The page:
With limited resources, it’s essential to know which threats to focus on. This is where our study has delivered a major breakthrough.
We looked for patterns of where species have been lost and where they are hanging on. With the help of helicopters to reach many remote areas, we used more than 1,500 “camera traps” (motion-sensor cameras to record mammals) and almost 7,500 animal traps (such as caged traps) to survey 300 sites across the national parks, private conservation reserves and Indigenous lands of the Top End.
A new spotlight on feral livestock
We found most parts of the Top End have very few native mammals left. The isolated areas where mammals are persisting have retained good-quality habitat, with a greater variety of plant species and dense shrubs and grasses.
This habitat provides more shelter and food for native mammals, and has fewer cats and dingoes, which hunt more efficiently in open areas. In contrast, sites with degraded habitat have much less food and shelter available, and native mammals are more exposed to predators.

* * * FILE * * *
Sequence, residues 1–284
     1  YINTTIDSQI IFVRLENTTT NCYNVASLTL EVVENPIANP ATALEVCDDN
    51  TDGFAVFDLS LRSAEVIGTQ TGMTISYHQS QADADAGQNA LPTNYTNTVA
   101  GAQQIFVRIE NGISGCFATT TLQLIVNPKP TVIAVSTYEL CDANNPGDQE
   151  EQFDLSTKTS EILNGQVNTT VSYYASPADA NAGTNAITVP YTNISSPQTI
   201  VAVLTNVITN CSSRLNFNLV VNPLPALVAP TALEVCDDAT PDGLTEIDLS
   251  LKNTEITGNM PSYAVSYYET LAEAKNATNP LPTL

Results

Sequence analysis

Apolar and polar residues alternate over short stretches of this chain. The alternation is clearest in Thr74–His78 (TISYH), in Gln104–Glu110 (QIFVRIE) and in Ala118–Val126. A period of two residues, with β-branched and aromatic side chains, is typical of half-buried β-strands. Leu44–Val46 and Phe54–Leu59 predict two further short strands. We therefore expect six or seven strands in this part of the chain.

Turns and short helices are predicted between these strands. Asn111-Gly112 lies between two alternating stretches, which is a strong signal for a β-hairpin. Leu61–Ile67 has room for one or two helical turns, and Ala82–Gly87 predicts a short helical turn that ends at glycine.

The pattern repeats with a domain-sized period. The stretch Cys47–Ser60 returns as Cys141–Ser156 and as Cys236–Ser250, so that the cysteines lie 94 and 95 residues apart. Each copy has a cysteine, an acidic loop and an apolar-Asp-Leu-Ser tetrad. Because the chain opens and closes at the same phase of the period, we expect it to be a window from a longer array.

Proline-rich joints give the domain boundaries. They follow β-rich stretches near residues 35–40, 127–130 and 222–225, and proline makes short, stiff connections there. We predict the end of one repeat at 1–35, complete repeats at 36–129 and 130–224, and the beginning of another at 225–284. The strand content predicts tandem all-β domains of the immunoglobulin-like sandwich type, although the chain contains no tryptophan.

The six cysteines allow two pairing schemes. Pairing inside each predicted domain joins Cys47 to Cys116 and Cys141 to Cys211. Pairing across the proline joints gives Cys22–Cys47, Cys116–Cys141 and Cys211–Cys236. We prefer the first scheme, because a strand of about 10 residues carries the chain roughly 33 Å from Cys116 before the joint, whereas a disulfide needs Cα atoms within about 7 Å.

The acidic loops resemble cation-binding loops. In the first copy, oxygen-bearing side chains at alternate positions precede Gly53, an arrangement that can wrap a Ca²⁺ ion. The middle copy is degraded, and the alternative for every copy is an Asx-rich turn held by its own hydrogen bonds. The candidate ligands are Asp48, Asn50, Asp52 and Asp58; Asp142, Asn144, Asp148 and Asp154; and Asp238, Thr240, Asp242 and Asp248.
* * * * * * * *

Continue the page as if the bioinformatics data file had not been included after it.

Across northern Australia, habitat quality is primarily driven by two factors: bushfires and introduced livestock, either farmed or feral.
Our surveys revealed that areas with more feral livestock have fewer native mammals. This highlights that the role of feral livestock in the Top End’s mammal declines has previously been underestimated.
Even at relatively low densities, feral livestock are detrimental to small mammals. Through overgrazing and trampling, they degrade habitat and reduce the availability of food and shelter for native mammals.